Photo: Jussi Ratilainen
Today’s guest post is written by the co-founders of You-app, Nelli Lähteenmäki, Aleksi Hoffman & Nora Rosendahl. You-app is a Batch 14 company that empowers users to become happier, healthier versions of themselves through daily micro-actions.
Entrepreneurship is the best profession. And the worst. And usually you can fit those two sentiments into one hour, any hour. For many, it’s the everyday stress and “busyness” (not the business) that wears us out over time.
As an entrepreneur you often cannot drastically change your working style or pace. We might be dreaming of nailing one of the infamous “4 weeks to the perfect beach body” or “Never feel the craving for sweets again” programs but the stats show very few people, entrepreneurs or not, succeed in them. Why? Because they are unrealistic. We at YOU-app have found that in entrepreneurship – like in life – it’s all about the small changes and habits you pick up. Very small changes can end up changing your day, week, month or life.
In this post, we’ll present the small actions (we call them “micro-actions”) that any entrepreneur should apply to keep his/her s*** together, even when the going gets tough.
Many days it feels like there’s just no time to fit in exercise. What our team does is 2-minute office workouts. Our favorite is the 2-minute plank, but we also do stretches, handstands, and squats.. drawing in all innocent bystanders around us. People may look at you funny, but your body and mind will thank you (and eventually even the office skeptics may join in)!
We just can’t say this enough. Sitting is killing your muscles. Think about this: If you stand 3 hours every workday for a year, in added energy use that equals ten marathons! No need to get a real standing desk – we use a pile of boxes or books. Start with 20 minutes and work your way up!
It’s hard to be productive when a beep, buzz or ping interrupts you every minute. This small action can have HUGE impact: Double the time between checking emails and see how it affects you. Make email-free time a habit, and start increasing that time so you always feel “barely comfortable”. Work Zen, delivered.
Do important, non-urgent tasks
Prioritization is everything. Some do it naturally, others struggle every day. Here’s a simple exercise: Draw a matrix with two sides – urgent/non-urgent and important/not important. Where are you? We often spend A LOT of time in the urgent-important bucket. The problem is the “urgent”: you’re firefighting, pushing deadlines, always behind. And you easily slip into the not important buckets… Every day, make sure you do one thing that’s important and NON-urgent – like relationship management, thinking time, feedback, etc. Your stress levels a few weeks from now will thank you.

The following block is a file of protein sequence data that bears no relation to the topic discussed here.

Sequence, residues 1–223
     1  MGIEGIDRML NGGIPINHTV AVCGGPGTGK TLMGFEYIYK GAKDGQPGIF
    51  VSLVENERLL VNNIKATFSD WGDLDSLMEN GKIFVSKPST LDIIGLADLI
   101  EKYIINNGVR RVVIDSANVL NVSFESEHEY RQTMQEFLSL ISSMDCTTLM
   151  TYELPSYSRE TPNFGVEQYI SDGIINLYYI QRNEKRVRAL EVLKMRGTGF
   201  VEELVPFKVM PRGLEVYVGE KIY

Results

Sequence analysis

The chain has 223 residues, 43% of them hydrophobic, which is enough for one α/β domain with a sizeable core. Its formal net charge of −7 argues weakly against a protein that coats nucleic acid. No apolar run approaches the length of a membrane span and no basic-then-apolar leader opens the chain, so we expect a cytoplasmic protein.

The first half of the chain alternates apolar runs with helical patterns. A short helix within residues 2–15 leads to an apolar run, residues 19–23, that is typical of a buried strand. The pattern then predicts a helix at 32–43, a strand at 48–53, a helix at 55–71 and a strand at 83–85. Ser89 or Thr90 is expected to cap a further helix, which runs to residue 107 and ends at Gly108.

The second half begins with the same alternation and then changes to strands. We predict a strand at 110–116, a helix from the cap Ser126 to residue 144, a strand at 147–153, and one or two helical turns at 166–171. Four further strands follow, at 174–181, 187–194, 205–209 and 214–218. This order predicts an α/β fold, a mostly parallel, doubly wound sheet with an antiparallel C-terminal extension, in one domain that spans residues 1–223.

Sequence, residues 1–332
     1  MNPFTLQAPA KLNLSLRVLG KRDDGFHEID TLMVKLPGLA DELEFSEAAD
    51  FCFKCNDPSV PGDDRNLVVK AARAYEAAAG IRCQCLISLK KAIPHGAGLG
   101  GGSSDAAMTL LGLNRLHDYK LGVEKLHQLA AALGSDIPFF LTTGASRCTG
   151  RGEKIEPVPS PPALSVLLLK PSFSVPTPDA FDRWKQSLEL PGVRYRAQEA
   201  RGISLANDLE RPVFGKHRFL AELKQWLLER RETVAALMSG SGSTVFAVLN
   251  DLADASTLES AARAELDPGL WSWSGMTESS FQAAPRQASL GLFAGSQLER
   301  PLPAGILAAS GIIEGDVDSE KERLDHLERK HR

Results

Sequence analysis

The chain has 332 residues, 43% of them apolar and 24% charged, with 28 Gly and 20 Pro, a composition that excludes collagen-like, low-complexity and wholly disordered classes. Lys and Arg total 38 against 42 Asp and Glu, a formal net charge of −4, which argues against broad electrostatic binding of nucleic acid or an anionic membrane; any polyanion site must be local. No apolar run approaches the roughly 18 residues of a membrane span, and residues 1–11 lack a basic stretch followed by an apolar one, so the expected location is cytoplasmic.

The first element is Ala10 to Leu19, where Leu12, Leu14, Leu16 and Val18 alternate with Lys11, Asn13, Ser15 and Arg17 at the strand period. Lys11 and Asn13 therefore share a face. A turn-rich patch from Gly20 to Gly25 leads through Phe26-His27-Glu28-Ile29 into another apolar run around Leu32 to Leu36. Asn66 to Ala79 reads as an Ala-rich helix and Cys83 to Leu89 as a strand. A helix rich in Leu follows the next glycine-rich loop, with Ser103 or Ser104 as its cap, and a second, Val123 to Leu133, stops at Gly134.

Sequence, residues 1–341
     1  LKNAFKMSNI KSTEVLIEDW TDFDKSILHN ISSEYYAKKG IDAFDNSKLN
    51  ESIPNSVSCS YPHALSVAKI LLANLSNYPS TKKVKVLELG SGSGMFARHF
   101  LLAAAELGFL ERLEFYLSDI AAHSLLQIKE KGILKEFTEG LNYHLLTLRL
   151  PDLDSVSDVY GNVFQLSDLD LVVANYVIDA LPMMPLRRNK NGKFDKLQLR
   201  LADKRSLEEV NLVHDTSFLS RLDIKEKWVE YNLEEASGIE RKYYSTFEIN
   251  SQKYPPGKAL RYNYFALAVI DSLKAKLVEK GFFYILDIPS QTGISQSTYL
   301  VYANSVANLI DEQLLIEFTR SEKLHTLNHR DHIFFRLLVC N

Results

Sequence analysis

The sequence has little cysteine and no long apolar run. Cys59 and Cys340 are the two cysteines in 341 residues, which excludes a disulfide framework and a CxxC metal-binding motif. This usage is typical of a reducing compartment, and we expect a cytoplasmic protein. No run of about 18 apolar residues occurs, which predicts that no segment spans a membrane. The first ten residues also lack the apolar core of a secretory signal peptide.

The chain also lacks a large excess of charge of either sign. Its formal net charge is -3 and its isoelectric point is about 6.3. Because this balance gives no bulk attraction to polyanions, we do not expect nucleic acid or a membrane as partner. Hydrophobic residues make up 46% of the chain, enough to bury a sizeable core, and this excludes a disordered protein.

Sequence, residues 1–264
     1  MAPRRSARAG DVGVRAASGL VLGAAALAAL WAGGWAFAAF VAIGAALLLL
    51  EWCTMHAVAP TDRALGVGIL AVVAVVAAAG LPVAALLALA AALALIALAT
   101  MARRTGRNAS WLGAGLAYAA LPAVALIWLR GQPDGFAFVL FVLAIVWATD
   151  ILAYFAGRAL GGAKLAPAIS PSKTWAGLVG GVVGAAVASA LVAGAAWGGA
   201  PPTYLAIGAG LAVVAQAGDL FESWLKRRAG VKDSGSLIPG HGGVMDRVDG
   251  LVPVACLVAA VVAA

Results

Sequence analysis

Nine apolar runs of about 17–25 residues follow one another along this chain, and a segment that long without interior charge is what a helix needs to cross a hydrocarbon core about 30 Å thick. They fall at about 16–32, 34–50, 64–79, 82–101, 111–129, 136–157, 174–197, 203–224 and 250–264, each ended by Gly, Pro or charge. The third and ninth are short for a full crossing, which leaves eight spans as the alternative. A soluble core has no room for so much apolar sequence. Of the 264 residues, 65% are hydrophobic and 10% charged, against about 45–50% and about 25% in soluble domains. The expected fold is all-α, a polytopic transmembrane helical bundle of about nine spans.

We all know that afternoon slump around 3-4pm – even the most saintly of eaters fall victim to that low energy feeling and reach for the biscuit tin. A balanced, non-sugary snack helps keep your blood sugar levels in check, and you’ll stay alert and active for the rest of the working day. So set an alarm for when the snack attack usually hits and prepare a healthy pick-me-up!
Reach out to someone (not work related)
This simple action carries big results. Social connections are clearly proven to be one of the strongest determinants of happiness, but when life gets busy we tend to deprioritize them. We all have those friends or relatives we’ve been meaning to call but haven’t gotten to it. Make it an item on your to do list to reach out. No need to spend hours on the phone – just sending a smiley will cheer them and you up!
A word of caution: Don’t do it all at once. Pick one, try it consistently for a week, and feel the difference! If you like it, keep it up until it feels effortless. Then pick another.
That’s the “scientifically robust habit creation way”. Another approach for those of you who easily get bored is to pick one each day – the one that fits that particular day best (but set a reminder, otherwise you are 99% sure to forget). Because really – it’s your life, so do what fits you.
And remember: The small things do matter.
The YOU-app team